How does this make sauerkraut?  The short answer is that cabbage naturally carries bacteria like lactobacilli which helps kick off lactic acid fermentation.  The salt preserves the cabbage to keep it from rotting while fermentation takes place.  There is a lot of debate about the proper amount of time to allow sauerkraut to ferment, anywhere from three days to six months.  I found the most consensus that around three weeks is enough time.  The idea is to allow the sauerkraut to ferment long enough to produce a goodly amount of probiotic bacteria. Then after that it’s just about taste.

However, if you are like me and you can’t wait that long or if the average temp is above 75 degrees then two weeks is long enough.  Also, keep in mind, the sauerkraut will continue to ferment in the fridge.  It will just happen much more slowly below 65 degrees.

BBQ beans on toast with tomato, olives, homemade kraut and a pickle... what more could you ask for?

BBQ beans on toast with tomato, olives, homemade kraut and a pickle… what more could you ask for?

I have to tell you that homemade sauerkraut is DELICIOUS!  It is so much better than store-bought. I am not sure I could eat the canned stuff ever again.  Give it a try if you like sauerkraut.  You have nothing to lose.  I paid two dollars for a head of cabbage at the farmer’s market.  (I noticed they are $1.29 at the supermarket.)  That one head netted me 16 ounces of sauerkraut and eight cups of coleslaw.  I call that VERY budget-friendly!

I will get more into the nutritional and weight loss benefits of cabbage in my next post, as well as share the coleslaw recipe I concocted.

Many Blessings,

Cynthia

*I got the onion as a weight idea from the Dr Axe website: https://draxe.com/recipe/sauerkraut-recipe/

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Tragedy, Hope and Making Sense of Racial Relations through Personal Relationships

I have shed a lot of tears over the last few days.  The deaths of Alton Sterling, Philando Castile and the five Dallas police officers: Lorne Ehrens, Michael Krol, Michael J. Smith, Brent Thomspon and Patrick Zamarippa all seemed so senseless to me.  I just can’t wrap my head around it.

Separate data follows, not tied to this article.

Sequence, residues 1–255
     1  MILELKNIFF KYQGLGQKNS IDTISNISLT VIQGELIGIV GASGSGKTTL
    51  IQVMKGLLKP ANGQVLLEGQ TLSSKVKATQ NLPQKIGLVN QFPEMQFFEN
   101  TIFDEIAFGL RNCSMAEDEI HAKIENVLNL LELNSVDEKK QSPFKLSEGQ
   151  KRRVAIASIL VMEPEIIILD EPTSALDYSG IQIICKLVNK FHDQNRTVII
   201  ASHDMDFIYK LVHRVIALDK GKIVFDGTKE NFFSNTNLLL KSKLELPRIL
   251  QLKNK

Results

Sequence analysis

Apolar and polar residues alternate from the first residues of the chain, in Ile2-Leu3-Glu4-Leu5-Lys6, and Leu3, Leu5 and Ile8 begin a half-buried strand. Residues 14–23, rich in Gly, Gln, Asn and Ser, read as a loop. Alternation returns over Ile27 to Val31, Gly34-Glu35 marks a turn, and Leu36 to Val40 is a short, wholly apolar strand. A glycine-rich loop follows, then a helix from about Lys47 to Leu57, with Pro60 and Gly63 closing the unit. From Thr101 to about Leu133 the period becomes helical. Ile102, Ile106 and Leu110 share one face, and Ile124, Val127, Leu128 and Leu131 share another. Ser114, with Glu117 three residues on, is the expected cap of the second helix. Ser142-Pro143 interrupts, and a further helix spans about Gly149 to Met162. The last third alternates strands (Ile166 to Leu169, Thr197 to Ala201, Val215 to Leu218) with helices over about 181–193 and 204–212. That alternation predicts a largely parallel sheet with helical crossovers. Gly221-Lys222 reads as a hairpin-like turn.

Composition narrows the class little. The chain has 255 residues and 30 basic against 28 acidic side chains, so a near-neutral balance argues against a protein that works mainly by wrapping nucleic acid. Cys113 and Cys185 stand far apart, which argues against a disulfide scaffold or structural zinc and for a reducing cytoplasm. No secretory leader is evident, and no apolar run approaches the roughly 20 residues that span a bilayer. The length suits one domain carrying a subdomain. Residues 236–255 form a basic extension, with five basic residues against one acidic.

It’s painful thinking about a four-year-old girl witnessing a police officer killing the man who had been a father to her, while her mother, the man’s fiancée, stoically and respectfully taped it.  Another man was shot and killed while already pinned down to the ground.  An officer who had just been married two weeks ago got gunned down while doing his job, protecting peaceful protestors of, ironically, police violence.  It’s made me very sad and I don’t even personally know any of these people.  I also have been feeling the complete overwhelm of not knowing how on earth to help make things better.

I reached out to my friend Lorna (after not having heard from me in goodness knows how long) without any “Hi, how are you?” preamble, I texted her about how I was feeling.  She responded in her usual kind, compassionate way.  I could practically hear her elegant Jamaican accent while I was reading her responses.

Me: Lorna, I’m so sad today about all the killing that has been going on this week.  I am sad for the families of the two black men who were shot by police, as well as, the families of the cops shot in Dallas.  All these precious lives lost senselessly.  I have no idea how to help make things better.

Lorna: Cindy, thanks for reaching out and I do appreciate your thoughts.  There is so much good to celebrate and I cherish you, who have the guts to see beyond color or race! Blame can be passed around but we must now stop to listen!! Violence is not the answer!!  But what is?  Thanks Cindy.  Love you much.  Smile-hope lives.